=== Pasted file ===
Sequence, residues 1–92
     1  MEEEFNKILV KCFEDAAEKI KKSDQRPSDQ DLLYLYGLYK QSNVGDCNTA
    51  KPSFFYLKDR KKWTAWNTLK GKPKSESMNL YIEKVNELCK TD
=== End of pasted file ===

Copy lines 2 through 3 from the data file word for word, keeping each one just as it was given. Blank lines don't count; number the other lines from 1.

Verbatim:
     1  MEEEFNKILV KCFEDAAEKI KKSDQRPSDQ DLLYLYGLYK QSNVGDCNTA
    51  KPSFFYLKDR KKWTAWNTLK GKPKSESMNL YIEKVNELCK TD